Gymnast John Orozco wants to see himself in the movies even more.
The aspiring actor was one of 12 first-time Olympians featured in the official documentary "FIRST: The Story of the London 2012 Olympic Games," from NCM Fathom Events, New Moon and the U.S. Olympic Committee.
The stories range from the joy of gold-medal winners like U.S. swimmer Missy Franklin and Kenyan runner David Rudisha to heartbreak for top hopefuls like Orozco. The U.S. men's team placed fifth and Orozco was eighth in the all-around.
"If I can go through that and be positive, that allows me to grow as an athlete and a person," Orozco said. "I wanted to show the kids in the Bronx that they could make it and win a medal. That's why I got to go to Rio in 2016 and make it happen."
A premiere showing was held Thursday at Cinemark Tinseltown, 1545 E. Cheyenne Mountain Blvd., with most of the 130 in attendance with Olympic ties. The film will be broadcast by NBC later this year.
Stories like his resonated with the crowd.
"It encompassed every single emotion of the Olympics," Olympic Training Center dorm mother Sherry Von Riesen said. "For every 10 athletes at the OTC, one makes (the Olympics). Of those who do, one out of 20 doesn't fall short."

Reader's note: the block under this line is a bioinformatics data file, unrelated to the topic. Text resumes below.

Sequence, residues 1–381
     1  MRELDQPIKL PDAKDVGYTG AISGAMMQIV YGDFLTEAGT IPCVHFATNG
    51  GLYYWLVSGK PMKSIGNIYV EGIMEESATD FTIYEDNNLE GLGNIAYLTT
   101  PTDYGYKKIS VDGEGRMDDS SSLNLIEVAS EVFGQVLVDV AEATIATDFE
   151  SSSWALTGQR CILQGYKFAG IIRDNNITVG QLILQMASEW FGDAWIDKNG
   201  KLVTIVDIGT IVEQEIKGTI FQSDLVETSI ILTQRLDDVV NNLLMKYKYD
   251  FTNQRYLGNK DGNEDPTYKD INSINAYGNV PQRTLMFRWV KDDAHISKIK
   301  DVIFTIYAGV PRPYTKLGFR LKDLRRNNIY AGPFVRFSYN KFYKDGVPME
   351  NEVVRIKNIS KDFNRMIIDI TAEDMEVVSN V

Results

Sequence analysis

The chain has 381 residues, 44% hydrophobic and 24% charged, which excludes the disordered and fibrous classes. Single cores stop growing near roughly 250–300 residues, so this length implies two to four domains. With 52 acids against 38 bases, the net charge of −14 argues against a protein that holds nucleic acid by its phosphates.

Orozco is recovering from a torn anterior cruciate ligament and meniscus in his left knee suffered Oct. 9. He hopes to be ready for the national championships Aug. 15-18 or worlds Sept. 25-Oct. 7.
The film shows how Orozco's life changed. As a child, his mother drove him to and from practices 30 miles from the Bronx to Chappaqua, N.Y.
"The coaches thought I had potential and they made sure I got into a free program because we were having financial difficulties," he said.
Orozco has reaped the benefits of celebrity. He took part in the recent White House Easter Egg Roll and enjoyed the Kellogg's Tour of Gymnastics Champions.
"It was cool getting to meet the first family and fun to spend time with all these great athletes," he said.
Orozco, who has three appearances as an extra in the TV series "Law & Order," plans a career in the movies.
"I will probably start out as a stuntman and work my way up from background (extra) roles to getting lines," he said. "I reached the Olympics so why can't I be the next Will Smith? But, if it doesn't work out I will earn a degree in business online and start a gym in the Bronx. I want to give the kids there the opportunity to do what they want to do."
Judging from the determination displayed in the documentary, he will succeed either way.